Indeed, unlike most natural disasters, nearly every state governor issued executive orders declaring states of emergency as a result of COVID-19. Those orders limited the interaction among members of the public in ways that severely curtailed businesses from making money. In some states, non-essential businesses were closed, resulting in some 38 million (and counting) displaced workers across the country.


Civil Authority Coverage should provide loss of income and extra expense coverage when a governmental authority (civil authority) prohibits access to the premises due to direct physical loss of or damage to an-other’s property.

Although many policies have virus exclusions, not all exclusions are the same.


  1. Get your policy (including endorsements and exclusions) from your agent.
  2. Email it to us for a free evaluation and tell us how your business was impacted.
  3. Make a demand under the policy. This is the language we suggest you use:

Our business has lost income, had extra expenses, and suffered other losses as a result of the recent events and circumstances surrounding the Covid-19 pandemic, including people staying at home. We are hereby presenting a claim for all coverages available under my business policy or policies for this loss of income and extra expense. This claim includes, but is not limited to, a claim for normal continuing expenses plus gross profit, lost income, extra expense, or any other similar benefit available under our policy or policies.

The Business Interruption Practice at the Rhine Law Firm, P.C. may be able to help. Our attorneys work with business owners, just like you, to level the playing field, giving you back the tools to take on any Goliath of an insurance company.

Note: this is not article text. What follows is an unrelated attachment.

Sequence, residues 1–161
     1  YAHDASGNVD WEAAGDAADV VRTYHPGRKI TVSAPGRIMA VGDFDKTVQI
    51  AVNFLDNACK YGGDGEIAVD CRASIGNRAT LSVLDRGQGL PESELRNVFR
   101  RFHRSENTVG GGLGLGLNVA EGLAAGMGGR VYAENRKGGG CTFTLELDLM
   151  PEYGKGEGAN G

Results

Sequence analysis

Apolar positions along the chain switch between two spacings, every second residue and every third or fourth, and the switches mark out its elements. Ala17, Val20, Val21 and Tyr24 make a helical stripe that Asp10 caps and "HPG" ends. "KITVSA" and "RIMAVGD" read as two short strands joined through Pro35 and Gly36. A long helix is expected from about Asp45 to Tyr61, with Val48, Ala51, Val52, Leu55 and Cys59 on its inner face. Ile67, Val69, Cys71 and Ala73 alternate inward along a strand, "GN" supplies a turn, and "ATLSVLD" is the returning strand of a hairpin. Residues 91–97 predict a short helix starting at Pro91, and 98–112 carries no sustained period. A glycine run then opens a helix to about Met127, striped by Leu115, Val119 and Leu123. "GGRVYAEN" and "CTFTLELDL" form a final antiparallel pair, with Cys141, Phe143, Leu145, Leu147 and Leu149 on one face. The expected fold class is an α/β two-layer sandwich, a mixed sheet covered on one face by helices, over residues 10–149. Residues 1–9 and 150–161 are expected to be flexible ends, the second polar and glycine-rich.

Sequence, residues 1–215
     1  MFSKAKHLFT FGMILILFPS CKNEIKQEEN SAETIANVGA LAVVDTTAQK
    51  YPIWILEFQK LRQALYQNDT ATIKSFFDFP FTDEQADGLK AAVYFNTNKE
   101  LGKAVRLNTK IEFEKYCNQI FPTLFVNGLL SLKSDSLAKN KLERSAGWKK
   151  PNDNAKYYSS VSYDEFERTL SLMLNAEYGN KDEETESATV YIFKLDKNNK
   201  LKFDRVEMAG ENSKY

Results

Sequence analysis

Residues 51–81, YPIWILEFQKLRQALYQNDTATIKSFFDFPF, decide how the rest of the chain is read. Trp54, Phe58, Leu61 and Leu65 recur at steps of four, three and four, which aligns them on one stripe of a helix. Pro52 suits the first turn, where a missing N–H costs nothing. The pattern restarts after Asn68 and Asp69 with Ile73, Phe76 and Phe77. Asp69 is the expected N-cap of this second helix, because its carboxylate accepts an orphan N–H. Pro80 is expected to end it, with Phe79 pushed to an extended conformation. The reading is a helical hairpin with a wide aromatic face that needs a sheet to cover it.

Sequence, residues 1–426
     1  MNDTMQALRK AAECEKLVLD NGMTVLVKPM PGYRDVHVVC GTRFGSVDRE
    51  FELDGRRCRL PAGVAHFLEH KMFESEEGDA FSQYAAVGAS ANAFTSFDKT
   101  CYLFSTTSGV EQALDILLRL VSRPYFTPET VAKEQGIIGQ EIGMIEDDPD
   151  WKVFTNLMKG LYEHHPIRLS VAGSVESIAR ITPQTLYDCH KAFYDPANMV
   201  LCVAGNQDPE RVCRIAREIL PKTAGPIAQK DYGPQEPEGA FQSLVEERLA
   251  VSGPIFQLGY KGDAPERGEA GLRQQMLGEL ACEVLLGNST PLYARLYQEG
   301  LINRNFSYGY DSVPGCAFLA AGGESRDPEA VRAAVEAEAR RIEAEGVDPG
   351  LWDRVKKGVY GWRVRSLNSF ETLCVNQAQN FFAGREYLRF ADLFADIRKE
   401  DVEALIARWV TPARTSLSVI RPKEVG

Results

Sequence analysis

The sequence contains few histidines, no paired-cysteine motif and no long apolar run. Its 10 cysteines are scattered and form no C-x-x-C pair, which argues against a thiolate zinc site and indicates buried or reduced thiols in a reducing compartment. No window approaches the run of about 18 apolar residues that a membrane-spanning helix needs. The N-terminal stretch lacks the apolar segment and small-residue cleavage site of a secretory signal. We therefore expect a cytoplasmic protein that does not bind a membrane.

Our firm provides offers our business clients a comprehensive review of their insurance policies to determine if there is a possibility for coverage for COVID-19 losses. If there happens to be an Endorsement within a policy named “Exclusion of Loss Due to Virus or Bacteria” containing the ISO number CP 01 40 07 06, we won’t be able to help.

But it that endorsement is not there, we can help.

Our firm can assist clients in making a claim if one has not been made already, working to maximize the potential for coverage before an insurer’s decision to deny coverage has been made. And, even then that happens, our firm is prepared to file suit in either state or federal court to seek declaratory relief and damages in a breach of contract action.

We continue to monitor developments across states where we have clients to ensure that we stay aware of legislative efforts underway that could require insurers to provide coverage for business interruption losses.


COVID-19 Resources

Small Businesses Administration (SBA) Resources:
  • All Programs and resources:
  • Economic Injury Disaster Loan Program
    • The SBA will work directly with state Governors to provide targeted, low-interest loans to small businesses and non-profits that have been severely impacted by the Coronavirus (COVID-19). The SBA’s Economic Injury Disaster Loan program provides small businesses with working capital loans of up to $2 million that can provide vital economic support to small businesses to help overcome the temporary loss of revenue they are experiencing.
NC Business Relief Resources:
Resources for Individuals